The best part of the ending is how Fassbender, Williams and the equally-underused Michelle Lin, three dangerous fugitives from Abstergo's compromised testing facility, waltz right through security at Templar headquarters during the a special event commemorating the acquisition of a powerful artifact they'd been fighting over for centuries.

Maybe Fassbender sneaks, but Williams and Lin walk right through the security checkpoint.

Gita: No, Fassbender kinda just has that bizarre conversation with Cotillard and then walks on through.

No one in this movie talks like a person talks. Not once.

Fahey: You are correct. They speak like they're characters in a video game, and if that was a conscious decision on Justin Kurzel's part, it's so crazy it's brilliant.

Speaking of crazy . . . I am not letting Fassbender's singing go, Gita.

Gita: You know, it's so frustrating. I've seen Frank. The guy can actually sing! What even was that scene? I feel like I'm having an existential crisis.

Why did any of that happen?!

Fahey: From the mouth-foaming seizure after his first failed leap of faith to the crazy-eyed, howling rendition of Patsy Cline's "Crazy," I am at a total loss.

Gita: The entire middle portion of the movie is just a question mark. Nothing that happened for a good 45 minutes mattered. At all. I just remember Fassbender shadow boxing himself.

Fahey: I did get in some good head shaking and sighing and OH GOD THE SHADOW SPARRING. You figure a guy who murdered a pimp would be made of sterner stuff.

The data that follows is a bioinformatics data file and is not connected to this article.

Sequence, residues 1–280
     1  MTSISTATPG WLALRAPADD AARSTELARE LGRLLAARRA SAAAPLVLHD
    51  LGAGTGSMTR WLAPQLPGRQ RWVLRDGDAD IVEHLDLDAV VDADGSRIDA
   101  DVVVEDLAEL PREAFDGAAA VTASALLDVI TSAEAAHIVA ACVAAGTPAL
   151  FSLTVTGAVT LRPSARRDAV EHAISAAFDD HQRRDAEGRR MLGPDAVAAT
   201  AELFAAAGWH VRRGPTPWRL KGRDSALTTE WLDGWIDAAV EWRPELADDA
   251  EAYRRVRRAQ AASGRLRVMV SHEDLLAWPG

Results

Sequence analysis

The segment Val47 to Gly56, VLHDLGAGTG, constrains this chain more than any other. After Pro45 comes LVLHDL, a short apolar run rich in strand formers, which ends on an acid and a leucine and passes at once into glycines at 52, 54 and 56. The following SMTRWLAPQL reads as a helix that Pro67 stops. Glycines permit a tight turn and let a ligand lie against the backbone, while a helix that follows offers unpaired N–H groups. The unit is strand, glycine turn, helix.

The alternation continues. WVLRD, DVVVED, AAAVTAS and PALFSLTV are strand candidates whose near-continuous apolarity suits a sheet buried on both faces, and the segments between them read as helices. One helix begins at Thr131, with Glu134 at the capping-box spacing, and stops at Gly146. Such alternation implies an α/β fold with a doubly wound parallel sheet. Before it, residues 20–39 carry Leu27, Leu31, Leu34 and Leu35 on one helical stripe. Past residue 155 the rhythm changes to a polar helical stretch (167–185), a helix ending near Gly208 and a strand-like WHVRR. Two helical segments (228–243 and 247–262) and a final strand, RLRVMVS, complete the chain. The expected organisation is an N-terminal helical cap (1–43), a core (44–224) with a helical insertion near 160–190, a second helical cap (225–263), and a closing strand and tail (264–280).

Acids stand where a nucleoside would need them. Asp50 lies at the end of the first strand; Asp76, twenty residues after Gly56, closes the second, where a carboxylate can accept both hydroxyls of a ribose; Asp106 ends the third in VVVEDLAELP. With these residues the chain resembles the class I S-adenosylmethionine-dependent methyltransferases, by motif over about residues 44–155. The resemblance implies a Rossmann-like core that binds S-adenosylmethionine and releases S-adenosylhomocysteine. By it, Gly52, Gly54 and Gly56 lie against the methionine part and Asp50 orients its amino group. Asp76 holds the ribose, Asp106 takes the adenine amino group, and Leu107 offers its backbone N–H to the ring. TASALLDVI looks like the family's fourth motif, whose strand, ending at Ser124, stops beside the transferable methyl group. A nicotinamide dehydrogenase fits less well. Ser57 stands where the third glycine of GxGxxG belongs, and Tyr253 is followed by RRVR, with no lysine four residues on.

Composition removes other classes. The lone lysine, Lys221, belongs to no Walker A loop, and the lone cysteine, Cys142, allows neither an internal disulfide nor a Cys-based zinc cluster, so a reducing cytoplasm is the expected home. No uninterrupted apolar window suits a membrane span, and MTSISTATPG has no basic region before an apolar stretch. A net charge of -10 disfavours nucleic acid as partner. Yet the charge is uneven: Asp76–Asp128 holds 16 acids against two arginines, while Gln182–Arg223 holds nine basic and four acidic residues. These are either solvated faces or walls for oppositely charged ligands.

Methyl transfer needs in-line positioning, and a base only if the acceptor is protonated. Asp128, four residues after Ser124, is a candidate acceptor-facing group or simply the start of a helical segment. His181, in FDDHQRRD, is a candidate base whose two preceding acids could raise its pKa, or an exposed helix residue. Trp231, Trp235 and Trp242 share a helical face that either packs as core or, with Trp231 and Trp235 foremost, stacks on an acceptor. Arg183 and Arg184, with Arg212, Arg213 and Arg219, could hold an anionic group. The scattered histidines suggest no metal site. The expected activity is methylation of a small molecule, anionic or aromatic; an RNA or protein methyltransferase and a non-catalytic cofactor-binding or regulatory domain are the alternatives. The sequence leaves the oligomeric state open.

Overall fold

As the movie ended, with a shot of three members of a shadowy secret organisation posing on a rooftop for no reason as the camera panned around them, I had an idea for a change that would have made everything about this movie ten times better.

Gita: Tell me.

Fahey: Michael Fassbender plays Aquilar. Kevin James plays Callum.

Gita: FUCK. I'd watch it.


Comments

    Jeremy Irons is underrated and has been neglected by hollywood for some time now.

    The commentary about there not being black reminds me of a discussion I had with an artist that was doing some design work for me. Despite the concept work I'd given her and my feedback on the roughs, she refused to use black in the design work because she said that there is no actual colour black, just shades of really dark grey. So unhappily, the design work ended up with the dark grey instead of black, and she kept her artistic integrity.